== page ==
I can see clearly now…Jan 9th, 2020
Around three quarters of people in the UK wear spectacles, myself included. Without them we would lead less productive and fulfilling lives, and we would be a lot poorer. This is an example of a relatively simple technology, which has been around for hundreds of years. It was spurred on by the invention of the printing press and therefore a need to read.
However, it has been estimated that around the globe as many as 2.5 billion people who need glasses don’t have them. The resulting impact on quality of life and economic performance is likely to be very significant, and yet the relatively low-cost solution seems to be out of reach.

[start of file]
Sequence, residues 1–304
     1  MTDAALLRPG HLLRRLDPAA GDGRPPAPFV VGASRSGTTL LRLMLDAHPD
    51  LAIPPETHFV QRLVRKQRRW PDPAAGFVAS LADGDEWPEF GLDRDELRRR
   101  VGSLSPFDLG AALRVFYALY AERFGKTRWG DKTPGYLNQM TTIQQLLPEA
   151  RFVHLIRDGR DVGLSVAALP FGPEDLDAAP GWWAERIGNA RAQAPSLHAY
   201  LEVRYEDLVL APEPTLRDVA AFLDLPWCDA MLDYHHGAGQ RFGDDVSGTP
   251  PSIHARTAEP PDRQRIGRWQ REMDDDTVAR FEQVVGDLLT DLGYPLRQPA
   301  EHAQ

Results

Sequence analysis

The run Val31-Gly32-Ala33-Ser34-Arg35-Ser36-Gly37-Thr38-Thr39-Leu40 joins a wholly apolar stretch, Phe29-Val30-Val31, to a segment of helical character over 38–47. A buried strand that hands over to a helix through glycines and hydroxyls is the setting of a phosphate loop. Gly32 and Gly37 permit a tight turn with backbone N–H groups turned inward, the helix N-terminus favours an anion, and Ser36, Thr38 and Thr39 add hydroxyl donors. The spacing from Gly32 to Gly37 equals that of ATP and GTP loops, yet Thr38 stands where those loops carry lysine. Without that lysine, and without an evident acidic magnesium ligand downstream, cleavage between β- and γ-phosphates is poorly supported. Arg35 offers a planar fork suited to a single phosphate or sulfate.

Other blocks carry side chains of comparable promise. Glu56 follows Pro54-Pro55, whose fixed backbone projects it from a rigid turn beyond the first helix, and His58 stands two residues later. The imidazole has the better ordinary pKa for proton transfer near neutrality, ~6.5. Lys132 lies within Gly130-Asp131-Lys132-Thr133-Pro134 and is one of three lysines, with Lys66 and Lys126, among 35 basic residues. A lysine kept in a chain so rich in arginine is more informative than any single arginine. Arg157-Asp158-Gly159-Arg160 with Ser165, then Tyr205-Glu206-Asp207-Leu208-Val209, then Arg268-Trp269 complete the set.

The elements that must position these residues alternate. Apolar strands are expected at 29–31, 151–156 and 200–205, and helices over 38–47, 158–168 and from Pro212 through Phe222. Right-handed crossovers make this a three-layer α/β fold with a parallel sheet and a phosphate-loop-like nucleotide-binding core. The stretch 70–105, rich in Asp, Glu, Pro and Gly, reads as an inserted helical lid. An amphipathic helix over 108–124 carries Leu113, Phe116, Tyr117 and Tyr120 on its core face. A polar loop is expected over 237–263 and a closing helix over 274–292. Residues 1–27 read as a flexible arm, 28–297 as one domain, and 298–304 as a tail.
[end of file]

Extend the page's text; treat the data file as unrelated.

If your work involves fine detail, near perfect vision is required to carry out tasks with precision. Tim Harford, an economist and broadcaster, tells the story of a technician at Lockheed Martin, whose job involves making a particular curved panel for a spacecraft. Until recently, it took him around two days to measure the 309 precise locations for certain fasteners on the panel. Now the same job takes him a little more than two hours. What changed? He started wearing glasses.
Of course, these were no ordinary spectacles: they are Microsoft’s ‘Hololens’, launched in 2016. They scan the panel, make calculations and show the technician exactly where each fastener should go.
The point here is that productivity gains sometimes come from unexpected sources: Google Glass was launched as a consumer product. They turned out to be a commercial flop and the few early adopters soon became known as ‘glassholes’. However, it seems Google was just looking in the wrong direction.
It will be fascinating to see how widely this technology spreads, and what it does to occupations and earnings. Will the productivity gains result in higher wages, higher profits or some combination of the two?